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Strawbale Homes: An Architects Unique Approach to Sustainable Construction


Sustainable design begins with an appreciation of the natural world. For Bohdan Dorniak, founder and director of Adelaide architectural firm Bohdan Dorniak & Co, sustainable architecture is rooted in nature and is defined by the materials of which it is constructed. Viewing strawbale as an eco-friendly construction alternative, the team have been providing Australians with beautiful and sustainable strawbale homes since 1998.

In an interview with Archify, Bohdan shares some of his insights into eco-friendly building design and where his passion for materials derived from nature began.

Tell us about your architectural firm Bohdan Dorniak & Co.

The practice has been running for over 40 years and we've been involved with sustainable architecture since its inception. I've always been interested in sustainable buildings and materials even since university when I coordinated an exhibition to showcase sustainable technologies with final year architecture students. Wherever we have the opportunity, we like to produce sustainable, green buildings.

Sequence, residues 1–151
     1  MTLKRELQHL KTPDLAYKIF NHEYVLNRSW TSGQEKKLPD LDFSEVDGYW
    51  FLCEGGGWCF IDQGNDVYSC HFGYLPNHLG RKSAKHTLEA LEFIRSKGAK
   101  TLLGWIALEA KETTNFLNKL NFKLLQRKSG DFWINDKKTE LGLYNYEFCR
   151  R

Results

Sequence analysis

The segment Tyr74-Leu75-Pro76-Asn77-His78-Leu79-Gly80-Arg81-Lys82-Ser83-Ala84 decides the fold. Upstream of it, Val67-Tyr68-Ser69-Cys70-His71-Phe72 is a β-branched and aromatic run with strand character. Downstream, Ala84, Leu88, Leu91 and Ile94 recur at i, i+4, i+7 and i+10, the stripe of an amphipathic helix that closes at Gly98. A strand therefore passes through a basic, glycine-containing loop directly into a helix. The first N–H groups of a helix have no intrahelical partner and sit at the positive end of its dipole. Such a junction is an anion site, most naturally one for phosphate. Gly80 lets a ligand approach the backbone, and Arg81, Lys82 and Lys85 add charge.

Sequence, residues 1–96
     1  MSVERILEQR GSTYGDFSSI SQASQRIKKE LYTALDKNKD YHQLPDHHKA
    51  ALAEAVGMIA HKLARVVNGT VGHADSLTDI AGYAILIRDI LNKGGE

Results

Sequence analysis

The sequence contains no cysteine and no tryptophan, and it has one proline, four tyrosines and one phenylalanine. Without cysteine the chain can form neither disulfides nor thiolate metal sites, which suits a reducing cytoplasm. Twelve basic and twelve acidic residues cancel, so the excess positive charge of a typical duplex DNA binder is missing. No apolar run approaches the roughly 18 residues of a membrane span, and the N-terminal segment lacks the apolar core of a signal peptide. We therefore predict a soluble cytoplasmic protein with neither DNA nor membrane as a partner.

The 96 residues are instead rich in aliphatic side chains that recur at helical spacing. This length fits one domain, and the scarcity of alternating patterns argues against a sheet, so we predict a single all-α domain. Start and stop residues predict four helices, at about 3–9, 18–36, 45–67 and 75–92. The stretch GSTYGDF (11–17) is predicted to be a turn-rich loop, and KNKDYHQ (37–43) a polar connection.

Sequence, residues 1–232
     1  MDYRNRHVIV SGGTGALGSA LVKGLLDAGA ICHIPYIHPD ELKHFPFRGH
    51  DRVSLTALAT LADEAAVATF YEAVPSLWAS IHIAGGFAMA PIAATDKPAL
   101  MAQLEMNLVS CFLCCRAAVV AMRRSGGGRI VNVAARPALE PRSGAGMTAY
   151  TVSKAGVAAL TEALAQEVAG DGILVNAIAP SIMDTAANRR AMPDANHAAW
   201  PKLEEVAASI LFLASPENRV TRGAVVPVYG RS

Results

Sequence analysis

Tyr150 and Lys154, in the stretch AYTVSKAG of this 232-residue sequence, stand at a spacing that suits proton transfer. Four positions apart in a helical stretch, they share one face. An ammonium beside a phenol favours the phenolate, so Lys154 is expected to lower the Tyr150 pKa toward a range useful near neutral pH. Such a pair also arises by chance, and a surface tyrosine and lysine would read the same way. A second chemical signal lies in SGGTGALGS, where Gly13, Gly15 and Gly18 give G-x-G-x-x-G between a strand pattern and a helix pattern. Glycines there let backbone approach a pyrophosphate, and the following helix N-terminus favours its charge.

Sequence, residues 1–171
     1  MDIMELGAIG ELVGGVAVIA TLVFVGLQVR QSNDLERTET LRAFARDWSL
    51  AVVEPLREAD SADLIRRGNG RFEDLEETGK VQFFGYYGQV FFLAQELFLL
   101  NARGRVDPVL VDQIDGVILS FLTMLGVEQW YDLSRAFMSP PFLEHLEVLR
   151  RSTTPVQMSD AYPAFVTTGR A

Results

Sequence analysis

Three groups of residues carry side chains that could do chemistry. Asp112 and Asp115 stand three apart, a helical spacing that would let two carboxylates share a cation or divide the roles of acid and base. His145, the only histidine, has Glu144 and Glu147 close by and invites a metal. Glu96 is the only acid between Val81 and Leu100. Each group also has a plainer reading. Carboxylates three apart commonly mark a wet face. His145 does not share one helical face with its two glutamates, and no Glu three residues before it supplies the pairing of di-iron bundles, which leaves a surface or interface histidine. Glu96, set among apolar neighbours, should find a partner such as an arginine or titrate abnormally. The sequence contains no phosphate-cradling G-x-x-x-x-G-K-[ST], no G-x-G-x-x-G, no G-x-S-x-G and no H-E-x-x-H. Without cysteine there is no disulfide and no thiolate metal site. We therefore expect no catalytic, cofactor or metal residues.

What sparked your interest in sustainable design?

When I was at university I had several lecturers who lectured green architecture. They inspired me and my year, to really consider sustainable design. This is going back to the 70s, so I was really involved since the early days in understanding and implementing sustainable design.

What attracted me to straw bales initially was the fact that you are essentially growing your walls in the ground. You grow the straw, make big strawbale bricks and then lay them. It was an easy construction methodology even for inexperienced owner/builders. I have an appreciation for natural materials and finishes such as strawbale, of course, timber, hemp, earth and lime renders and recyclable materials. We have nature all around us and it is my belief that we should be utilising it to produce sustainable and comfortable homes.

Strawbale Homes: An Architects Unique Approach to Sustainable Construction

Strawbale Construction